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AUSTIN EDITION NOTEBOOK Sewing store lets out seam

More than stitches are planned at A Stitch in Time, 506 Oakland Ave. N.W., as the business works to sew up an addition.

The store sells fabric, notions, thread, cross stitch and needleworking supplies, yarn and crochet materials.

A 380-square-foot addition is under way at the back of the store, which opened in March 2002 and used to be a house. Owner Pam Meyer plans to use the additional space mainly for classes, at least initially. Classes on Swedish weaving, cross stitch, quilting, knitting and crocheting will be offered, as well as basic sewing classes, she said.

She expects to have the addition completed by fall. Meyer hopes later to turn an attached garage into a classroom; then the addition would be used to display merchandise.

Meyer has one part-time employee.

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Abundant, pure water

What happened to the City Springs in Austin?

Austin has many natural springs and most accounts describe the local water as extremely pure. The two main springs originally used for drinking water were the Sargent Spring and the Todd Park Spring.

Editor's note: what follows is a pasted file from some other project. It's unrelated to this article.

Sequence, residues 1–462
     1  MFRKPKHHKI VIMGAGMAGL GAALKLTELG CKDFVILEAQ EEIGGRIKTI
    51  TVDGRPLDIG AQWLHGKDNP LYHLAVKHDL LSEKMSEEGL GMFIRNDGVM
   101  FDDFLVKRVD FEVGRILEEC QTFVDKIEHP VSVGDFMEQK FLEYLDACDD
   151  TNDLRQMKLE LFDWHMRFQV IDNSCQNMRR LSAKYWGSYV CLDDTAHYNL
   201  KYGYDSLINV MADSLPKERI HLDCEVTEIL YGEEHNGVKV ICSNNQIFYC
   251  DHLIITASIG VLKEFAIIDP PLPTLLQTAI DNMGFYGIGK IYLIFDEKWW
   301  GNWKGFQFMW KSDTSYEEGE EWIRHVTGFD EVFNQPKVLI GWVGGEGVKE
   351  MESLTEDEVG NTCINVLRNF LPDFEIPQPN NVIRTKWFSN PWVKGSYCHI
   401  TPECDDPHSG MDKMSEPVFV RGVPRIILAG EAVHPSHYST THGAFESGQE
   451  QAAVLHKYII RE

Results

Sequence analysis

The city's first water source was a well developed in 1887 at the corner of Bridge and Main streets. In 1910, the Sargent Spring was bought, according to a 1941 account.

A 1910 history of Mower County had this to say about the early water sources:

"The city of Austin is supplied with pure water from an enormous spring about three miles distant, from whence the water is piped into the city by gravitation. The flow of the spring is 2.25 million gallons each 24 hours, and the capacity of the reservoir is 1.5 million gallons. This is the largest spring of drinking water in the United States. The water is the finest that can be obtained anywhere and chemical analysis by the State Board of Health shows most excellent physical properties. It is well worth one's while to go out to the city reservoir and view this interesting feature of the city's assets."

The Todd Park Spring was later connected by pipe to the city water supply in 1930 and with the Sargent Spring provided more than 3 million gallons a day back in 1941, according to a history book published in 1941.

A trickle of water and a plaque still commemorate the Todd Park Spring.

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Kiger's Notebook appears on Mondays and Fridays in the Austin Post-Bulletin. Send questions or business news tips to jkiger@postbulletin.com or call 434-7340.

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